Biden talked about the issue during his speech from the La Crosse MTU building on Isle La Plume.
- Dane County supervisor seeks options to regulate airport PFAS remediation – The Capital Times
A Dane County Board supervisor is requesting a legal opinion on what options the county has to regulate construction at the airport and oversee work to clean up contamination from PFAS.
Supervisor Yogesh Chawla, District 6, previously asked for the legal analysis during a recent county meeting. He said he wanted to follow up with a formal resolution, which was introduced at the board’s meeting Thursday.
- DNR to move forward with efforts to limit PFAS in ground, drinking water – Wisconsin State Journal
Wisconsin’s natural resources policy board approved parameters for new regulations limiting toxic “forever chemicals” in the state’s water supply.
Wednesday’s vote by the Natural Resources Board will allow the state Department of Natural Resources to begin writing regulations to limit the amount of certain fluorinated compounds — collectively known as PFAS — allowed in ground and drinking water.
- Johnson Controls to Pay $17.5 M to Settle PFAS and AFFF Firefighting Foam Lawsuits – Consumer Notice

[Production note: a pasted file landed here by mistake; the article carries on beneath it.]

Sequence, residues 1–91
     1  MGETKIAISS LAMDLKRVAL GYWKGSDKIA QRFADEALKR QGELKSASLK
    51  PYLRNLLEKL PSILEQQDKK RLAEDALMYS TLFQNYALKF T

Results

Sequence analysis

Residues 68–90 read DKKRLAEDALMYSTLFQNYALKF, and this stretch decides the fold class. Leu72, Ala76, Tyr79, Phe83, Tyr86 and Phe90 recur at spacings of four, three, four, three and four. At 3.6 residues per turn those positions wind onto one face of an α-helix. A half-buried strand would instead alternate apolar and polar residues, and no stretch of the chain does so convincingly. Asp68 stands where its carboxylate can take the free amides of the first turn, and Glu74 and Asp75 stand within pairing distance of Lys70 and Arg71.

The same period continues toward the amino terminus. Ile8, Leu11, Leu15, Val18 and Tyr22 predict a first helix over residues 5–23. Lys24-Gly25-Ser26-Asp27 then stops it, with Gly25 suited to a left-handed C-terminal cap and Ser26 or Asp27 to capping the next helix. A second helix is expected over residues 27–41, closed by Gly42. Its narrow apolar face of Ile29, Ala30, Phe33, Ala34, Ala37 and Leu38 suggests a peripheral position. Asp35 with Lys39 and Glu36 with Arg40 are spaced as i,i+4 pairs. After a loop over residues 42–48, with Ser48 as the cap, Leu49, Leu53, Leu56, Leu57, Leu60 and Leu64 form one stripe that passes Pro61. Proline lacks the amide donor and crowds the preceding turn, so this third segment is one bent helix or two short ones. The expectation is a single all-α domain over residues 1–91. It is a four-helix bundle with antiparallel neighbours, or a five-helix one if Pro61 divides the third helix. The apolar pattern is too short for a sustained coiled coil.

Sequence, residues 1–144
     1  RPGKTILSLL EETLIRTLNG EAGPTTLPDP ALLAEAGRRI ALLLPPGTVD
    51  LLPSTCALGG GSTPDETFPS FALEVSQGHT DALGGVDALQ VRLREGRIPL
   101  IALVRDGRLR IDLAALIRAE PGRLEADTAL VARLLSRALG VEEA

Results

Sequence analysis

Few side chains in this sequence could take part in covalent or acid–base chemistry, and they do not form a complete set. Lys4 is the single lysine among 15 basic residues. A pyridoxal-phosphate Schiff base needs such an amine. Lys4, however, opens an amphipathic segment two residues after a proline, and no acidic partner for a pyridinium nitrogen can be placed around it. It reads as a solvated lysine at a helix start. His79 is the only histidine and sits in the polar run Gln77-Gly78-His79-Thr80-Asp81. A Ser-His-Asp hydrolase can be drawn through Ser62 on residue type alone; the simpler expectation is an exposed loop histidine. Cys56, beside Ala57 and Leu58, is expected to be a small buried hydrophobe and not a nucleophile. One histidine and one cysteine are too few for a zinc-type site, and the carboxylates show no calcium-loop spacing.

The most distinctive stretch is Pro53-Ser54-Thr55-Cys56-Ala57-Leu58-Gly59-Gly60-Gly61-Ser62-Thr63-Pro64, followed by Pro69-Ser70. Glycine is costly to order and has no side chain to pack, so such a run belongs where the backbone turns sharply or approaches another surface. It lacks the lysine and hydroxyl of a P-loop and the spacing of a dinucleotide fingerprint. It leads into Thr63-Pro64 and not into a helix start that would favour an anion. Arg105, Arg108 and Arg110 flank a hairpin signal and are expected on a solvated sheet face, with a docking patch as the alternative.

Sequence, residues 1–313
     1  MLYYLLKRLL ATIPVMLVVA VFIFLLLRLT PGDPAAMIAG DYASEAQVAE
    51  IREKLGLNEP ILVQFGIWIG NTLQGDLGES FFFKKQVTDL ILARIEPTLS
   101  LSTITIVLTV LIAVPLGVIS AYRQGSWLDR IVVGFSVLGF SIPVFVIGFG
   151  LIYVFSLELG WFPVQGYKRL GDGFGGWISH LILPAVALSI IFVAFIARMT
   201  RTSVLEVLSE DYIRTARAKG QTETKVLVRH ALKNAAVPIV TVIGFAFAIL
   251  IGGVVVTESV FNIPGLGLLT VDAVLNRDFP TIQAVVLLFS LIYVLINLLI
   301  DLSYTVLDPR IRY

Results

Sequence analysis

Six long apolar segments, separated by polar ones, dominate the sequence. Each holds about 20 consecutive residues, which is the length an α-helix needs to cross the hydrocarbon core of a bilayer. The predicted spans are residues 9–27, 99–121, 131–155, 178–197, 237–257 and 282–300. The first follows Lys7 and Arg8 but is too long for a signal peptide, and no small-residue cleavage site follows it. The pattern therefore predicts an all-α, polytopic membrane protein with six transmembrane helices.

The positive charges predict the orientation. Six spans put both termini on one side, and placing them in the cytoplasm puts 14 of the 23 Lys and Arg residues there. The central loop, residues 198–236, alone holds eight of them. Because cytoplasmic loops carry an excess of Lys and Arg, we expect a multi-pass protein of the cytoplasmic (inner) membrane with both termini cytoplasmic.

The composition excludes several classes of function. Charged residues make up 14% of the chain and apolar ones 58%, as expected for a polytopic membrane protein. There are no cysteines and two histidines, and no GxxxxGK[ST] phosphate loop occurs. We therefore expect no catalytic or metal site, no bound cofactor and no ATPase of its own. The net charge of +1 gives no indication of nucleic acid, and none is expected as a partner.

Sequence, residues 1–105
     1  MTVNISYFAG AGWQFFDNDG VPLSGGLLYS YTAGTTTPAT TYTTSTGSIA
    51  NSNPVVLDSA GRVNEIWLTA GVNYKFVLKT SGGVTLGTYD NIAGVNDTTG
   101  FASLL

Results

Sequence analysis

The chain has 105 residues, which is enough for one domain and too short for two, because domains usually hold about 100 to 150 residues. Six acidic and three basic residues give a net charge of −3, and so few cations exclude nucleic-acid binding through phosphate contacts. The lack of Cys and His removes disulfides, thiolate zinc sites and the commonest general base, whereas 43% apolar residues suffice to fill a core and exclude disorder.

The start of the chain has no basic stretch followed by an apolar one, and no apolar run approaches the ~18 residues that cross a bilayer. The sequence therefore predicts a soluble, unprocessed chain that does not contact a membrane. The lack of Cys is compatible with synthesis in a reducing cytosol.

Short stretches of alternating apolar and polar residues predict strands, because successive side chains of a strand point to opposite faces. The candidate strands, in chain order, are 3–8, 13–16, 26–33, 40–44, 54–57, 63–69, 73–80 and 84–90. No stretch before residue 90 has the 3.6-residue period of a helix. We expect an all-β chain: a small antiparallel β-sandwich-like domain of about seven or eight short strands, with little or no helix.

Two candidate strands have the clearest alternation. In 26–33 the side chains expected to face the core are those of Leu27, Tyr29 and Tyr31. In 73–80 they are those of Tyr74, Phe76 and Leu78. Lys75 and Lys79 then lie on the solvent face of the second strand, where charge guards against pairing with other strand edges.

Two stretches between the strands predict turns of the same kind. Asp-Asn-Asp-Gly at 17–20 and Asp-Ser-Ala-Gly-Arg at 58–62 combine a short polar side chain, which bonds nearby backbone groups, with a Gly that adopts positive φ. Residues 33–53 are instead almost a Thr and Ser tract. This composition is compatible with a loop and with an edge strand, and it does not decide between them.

Johnson Controls agreed to pay $17.5 million to settle a class action lawsuit and individual injury lawsuits stemming from chemicals found in aqueous firefighting foam used by its subsidiary Tyco Fire Products, according to court documents.
Plaintiffs claimed they were exposed to per- or polyfluoroalkyl substances through contaminated drinking water in local wells near a Wisconsin Tyco Fire Technology Center that routinely used firefighting foam from the early 1960s to 2017.
The Government Accountability Office called on the Department of Defense this week to detail its cleanup expenses for “forever chemicals” from water supply sources near military bases.
In a report released Tuesday, the government watchdog said the Pentagon has not reported how much it would cost to address perfluoroalkyl and polyfluoroalkyl substances, a class of chemicals found in firefighting foams used by the military.
- PFAS Action Act clears Key House committee – Water World
The House Energy and Commerce committee has advanced the PFAS Action Act, which directs the Environmental Protection Agency to quickly reduce and remediate the toxic “forever chemicals” known as PFAS.
According to the Environmental Working group (EG), The PFAS Action Act of 2021, introduced by Michigan Reps. Debbie Dingell (D), and Fred Upton (R), would create a national drinking water standard for select PFAS chemicals, designate PFAS as hazardous substances, limit industrial discharges and provide $200 million annually to assist water utilities and wastewater treatment facilities.
The Environmental Protection Agency will be required to identify and publicly share the sources of PFAS emissions under a new provision announced Tuesday by U.S. Sen. Kirsten Gillibrand.
The move comes as PFAS chemical contaminations have been at issue in upstate New York communities in recent years and as policymakers have sought a more active role in monitoring potential issues, especially in drinking water.
Catch up on more PFAS news on Great Lakes Now:
Featured image: Sign warning for environmental contamination (Great Lakes Now Episode 1012)